Illustration by Gabriel Brenner
ENDA stands for the Employee Non-Discrimination Act , federal legislation that would prevent employers from firing, harassing or discriminating against LGBTQ employees based on gender identity or sexual orientation. Since 1974, (the first being The Equality Act of 1974), there have been bills introduced in Congress that attempted to ban discrimination in everything from matters of housing to employment based on sexual orientation, relationship status and sex (classified by some as as ‘gender and sexual minorities’), but none of them have been trans-inclusive in their statement and these attempts have infamously omitted gender identity in their clauses.
In 1994, the focus of the bills streamlined and ENDA was born with a singular focus: employee discrimination. It was tailored using existing civil rights laws as a model, featuring Title VII from the Civil Rights Act of 1964 and the Americans with Disabilities Act. However, it still exempts small businesses, religious organizations and the military from the provisions… because really, we would be trampling on certain Very Important People’s divine right to discriminate against us. If it’s mandated by God or the military, treating others like second class citizens is completely justified. Fuck yeah, America! Fuck yeah, freedom!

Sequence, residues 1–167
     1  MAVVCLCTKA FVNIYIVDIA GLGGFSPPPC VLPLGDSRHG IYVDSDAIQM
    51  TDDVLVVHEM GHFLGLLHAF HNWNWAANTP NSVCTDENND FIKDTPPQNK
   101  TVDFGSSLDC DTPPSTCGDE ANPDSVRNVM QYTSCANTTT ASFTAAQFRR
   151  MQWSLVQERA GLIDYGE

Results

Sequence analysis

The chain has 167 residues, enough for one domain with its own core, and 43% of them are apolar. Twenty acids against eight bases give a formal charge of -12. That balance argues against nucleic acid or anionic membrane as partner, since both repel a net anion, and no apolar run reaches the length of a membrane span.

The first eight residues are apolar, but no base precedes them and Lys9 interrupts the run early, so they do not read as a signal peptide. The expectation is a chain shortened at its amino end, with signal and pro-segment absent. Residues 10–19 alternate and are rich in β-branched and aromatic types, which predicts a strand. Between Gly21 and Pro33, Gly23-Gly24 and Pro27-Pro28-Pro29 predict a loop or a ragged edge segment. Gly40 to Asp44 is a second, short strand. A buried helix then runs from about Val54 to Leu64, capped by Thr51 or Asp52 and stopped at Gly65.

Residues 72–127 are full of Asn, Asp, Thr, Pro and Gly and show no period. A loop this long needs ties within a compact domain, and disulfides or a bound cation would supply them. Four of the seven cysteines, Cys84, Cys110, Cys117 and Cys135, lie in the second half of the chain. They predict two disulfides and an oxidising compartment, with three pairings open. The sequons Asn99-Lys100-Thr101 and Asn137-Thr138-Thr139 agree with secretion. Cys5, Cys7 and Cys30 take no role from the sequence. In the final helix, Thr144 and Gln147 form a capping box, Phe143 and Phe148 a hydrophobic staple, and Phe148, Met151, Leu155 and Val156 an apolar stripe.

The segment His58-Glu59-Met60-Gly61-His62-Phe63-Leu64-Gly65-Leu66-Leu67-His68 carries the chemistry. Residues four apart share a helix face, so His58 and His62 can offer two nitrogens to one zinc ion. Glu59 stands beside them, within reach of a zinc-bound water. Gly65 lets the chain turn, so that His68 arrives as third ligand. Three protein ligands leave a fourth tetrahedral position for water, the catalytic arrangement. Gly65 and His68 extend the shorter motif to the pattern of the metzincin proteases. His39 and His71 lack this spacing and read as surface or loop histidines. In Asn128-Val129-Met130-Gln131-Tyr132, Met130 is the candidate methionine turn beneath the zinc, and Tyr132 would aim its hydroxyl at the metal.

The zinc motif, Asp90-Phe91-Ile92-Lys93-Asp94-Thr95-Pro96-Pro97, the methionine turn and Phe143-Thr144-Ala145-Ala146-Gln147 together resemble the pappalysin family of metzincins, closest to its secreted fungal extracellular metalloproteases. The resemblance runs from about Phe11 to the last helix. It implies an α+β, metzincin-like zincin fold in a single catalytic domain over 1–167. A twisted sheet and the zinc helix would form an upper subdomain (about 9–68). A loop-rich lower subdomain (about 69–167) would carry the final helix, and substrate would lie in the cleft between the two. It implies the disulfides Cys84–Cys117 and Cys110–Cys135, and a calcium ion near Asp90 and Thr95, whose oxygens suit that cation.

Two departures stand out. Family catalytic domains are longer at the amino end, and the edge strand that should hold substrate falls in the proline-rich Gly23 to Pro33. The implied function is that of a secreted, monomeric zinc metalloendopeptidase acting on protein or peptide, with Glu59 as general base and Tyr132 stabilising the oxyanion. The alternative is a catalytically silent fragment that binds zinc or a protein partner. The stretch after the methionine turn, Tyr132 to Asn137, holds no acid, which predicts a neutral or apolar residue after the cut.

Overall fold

Speaking of discrimination, it doesn’t just happen in the big bad heterosexist world. Oh no, the failure to bring ENDA past the committee in 2007 was blamed on the inclusion of gender identity, so it was struck from the bill when Senator Barney Frank pushed a second attempt.
That’s right, when in doubt, remember: blame the trans people!
It sent a bittersweet message when the House passed the non-inclusive version, but the Senate didn’t even bring it up to a vote, insisting that gender identity be included in all future versions. This is actually quite positive, considering many members of the LGBTQ community exhibit gender-nonconforming behavior that would fall under the ‘gender identity’ umbrella.
Currently, discrimination laws are handled on a state-by-state basis. It is legal to fire or refuse to hire a person based on sexual orientation in 29 states and it is legal to refuse to hire or fire a person based on gender identity in 33 states in the USA currently. With the conservative house we face due to the outcome of the last election it is unlikely that ENDA will be passed, even though 88% of Fortune 500 companies have provisions against LGBTQ discrimination (inclusive of gender identity) as of 2013, and 73% of voters supported an inclusive ENDA in a 2011 poll. In 2013, two-thirds of all voters (Republicans and Democrats alike) supported the passage of a federal law to protect LGBTQ employees from discrimination.
Our federal officials exist (in a perfect world) to make our collective desires and needs brought to light. They clearly need to get with the times. Luckily, you can do something about that.
Find out how to help ENDA pass here.